One thing is much clearer. Whatever Donald Trump does to the global trade architecture, it is unlikely to reverse the globalisation of production. We are at least half a century past the era when trade comprised largely of finished products. With the emergence of emerging market manufacturing capabilities, global corporations have disassembled their production, outsourcing according to comparative advantage. The “centre” creates value through technology, design and branding. The “periphery” puts it all together at the lowest cost available globally.  

So, for example, the New York Times last year quoted Tech Insights’ estimate of $443 to manufacture the Apple 256GB iPhone XS Max – which was then retailed at $1,249. It would have seemed a very sensible arrangement for Americans, for the US to then sell the phones made at $433 back to the Chinese at huge margins. However, apparently, President Trump disagrees.

But what can Donald Trump do to get Apple to sacrifice that margin? And how much more would US consumers be prepared to pay to give Apple anything near that kind of margin producing in the US? 

No, the more likely outcome would be for corporations to reconfigure their global supply chains to avoid US tariffs on “Made in China” products. Chinese manufacturers will do the same. They will likely move production to other countries in the region, with ASEAN the most likely destination, given its proximity, the availability of skilled labour, and relatively low costs. So, Chinese manufacturing will be forced to restructure towards higher value areas of production, which it had to do sooner rather than later anyway, given rising costs of land and labour in China.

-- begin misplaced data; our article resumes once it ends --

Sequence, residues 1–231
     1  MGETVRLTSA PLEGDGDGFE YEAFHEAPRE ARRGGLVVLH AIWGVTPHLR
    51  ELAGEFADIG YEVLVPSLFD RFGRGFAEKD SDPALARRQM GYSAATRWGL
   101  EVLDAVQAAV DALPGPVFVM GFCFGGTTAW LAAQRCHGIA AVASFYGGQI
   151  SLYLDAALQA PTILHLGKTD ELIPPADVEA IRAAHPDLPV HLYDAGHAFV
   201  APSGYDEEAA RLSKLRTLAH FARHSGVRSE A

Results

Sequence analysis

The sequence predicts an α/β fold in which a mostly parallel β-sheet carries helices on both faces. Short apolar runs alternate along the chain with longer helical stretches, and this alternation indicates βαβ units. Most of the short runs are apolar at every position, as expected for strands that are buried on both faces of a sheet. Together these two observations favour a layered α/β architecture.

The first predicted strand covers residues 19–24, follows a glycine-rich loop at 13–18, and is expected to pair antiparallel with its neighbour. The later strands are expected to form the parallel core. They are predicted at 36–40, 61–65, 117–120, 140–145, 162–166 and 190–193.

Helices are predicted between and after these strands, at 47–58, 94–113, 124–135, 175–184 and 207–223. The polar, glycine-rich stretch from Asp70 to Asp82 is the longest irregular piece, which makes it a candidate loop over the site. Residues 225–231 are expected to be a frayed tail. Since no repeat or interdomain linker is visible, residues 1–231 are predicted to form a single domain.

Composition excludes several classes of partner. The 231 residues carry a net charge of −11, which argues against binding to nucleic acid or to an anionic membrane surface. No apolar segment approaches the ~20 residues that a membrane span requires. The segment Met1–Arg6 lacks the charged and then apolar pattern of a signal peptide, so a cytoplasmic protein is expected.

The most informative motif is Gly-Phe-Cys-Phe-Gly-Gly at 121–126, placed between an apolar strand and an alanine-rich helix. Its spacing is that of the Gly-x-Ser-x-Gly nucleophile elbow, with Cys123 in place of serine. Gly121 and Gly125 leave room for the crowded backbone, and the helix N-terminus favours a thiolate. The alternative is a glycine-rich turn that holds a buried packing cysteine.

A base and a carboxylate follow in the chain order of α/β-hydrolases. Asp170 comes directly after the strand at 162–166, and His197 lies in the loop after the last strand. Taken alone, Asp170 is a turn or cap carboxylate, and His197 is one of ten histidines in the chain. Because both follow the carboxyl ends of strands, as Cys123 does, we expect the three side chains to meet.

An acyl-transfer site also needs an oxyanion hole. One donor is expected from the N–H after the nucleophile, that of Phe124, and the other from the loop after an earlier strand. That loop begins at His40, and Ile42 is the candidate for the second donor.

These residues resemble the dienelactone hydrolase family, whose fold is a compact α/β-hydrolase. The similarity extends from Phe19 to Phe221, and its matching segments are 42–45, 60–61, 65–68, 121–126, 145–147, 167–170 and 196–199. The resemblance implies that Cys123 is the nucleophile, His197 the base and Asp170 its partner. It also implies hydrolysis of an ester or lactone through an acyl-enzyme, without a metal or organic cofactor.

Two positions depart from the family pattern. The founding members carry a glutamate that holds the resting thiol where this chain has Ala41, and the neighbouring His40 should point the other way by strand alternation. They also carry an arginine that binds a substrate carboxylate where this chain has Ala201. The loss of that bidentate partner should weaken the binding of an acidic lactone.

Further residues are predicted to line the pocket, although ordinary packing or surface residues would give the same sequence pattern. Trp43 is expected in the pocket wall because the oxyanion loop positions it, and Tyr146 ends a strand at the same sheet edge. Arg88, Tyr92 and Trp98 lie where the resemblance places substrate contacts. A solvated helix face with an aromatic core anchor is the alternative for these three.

ASEAN is an obvious beneficiary. 

Independent research house TS Lombard cited the example of how Chinese manufacturers avoided US levies imposed on solar panel imports in 2012 by moving production to Malaysia and other Asian economies. 

TS Lombard pointed out that the share of Chinese solar panels in US imports fell from 69% in 2011 to 11% in 2017. However, US imports of solar panels from Malaysia and other Asian countries jumped to slightly more than 50% of total US imports from near zero in 2011. It estimated that 60-70% of those sales were from Chinese companies which shifted operations to those countries. 

Something similar may be happening in Vietnam now. US imports from Vietnam surged by nearly 40 per cent in the first four months of this year compared to the same period last year, according to a Financial Times analysis of data from the United States International Trade Commission. Over the same period, US imports from China fell by 13 per cent, the second-largest contraction since 2009.

The Asian Development Bank estimated that Vietnam could gain up to 2% of GDP (cumulative) over 3 years if the US-China trade war escalates, said the Financial Times.

Of course, the US could target Vietnam with tariffs too. But that would be like playing “Whack a Mole” – another low-cost emerging market production base would pop up, most likely in another ASEAN country. The US could then target ASEAN, and on and on that game goes, until Donald Trump pushes US productivity into negative growth while prices go soaring. Stagflation.  

Meanwhile, companies which produce in the US for the Chinese market will be looking to evade Chinese retaliatory tariffs by moving out of the US – most likely to either China or ASEAN, depending on costs, the availability of skills, and supporting industries.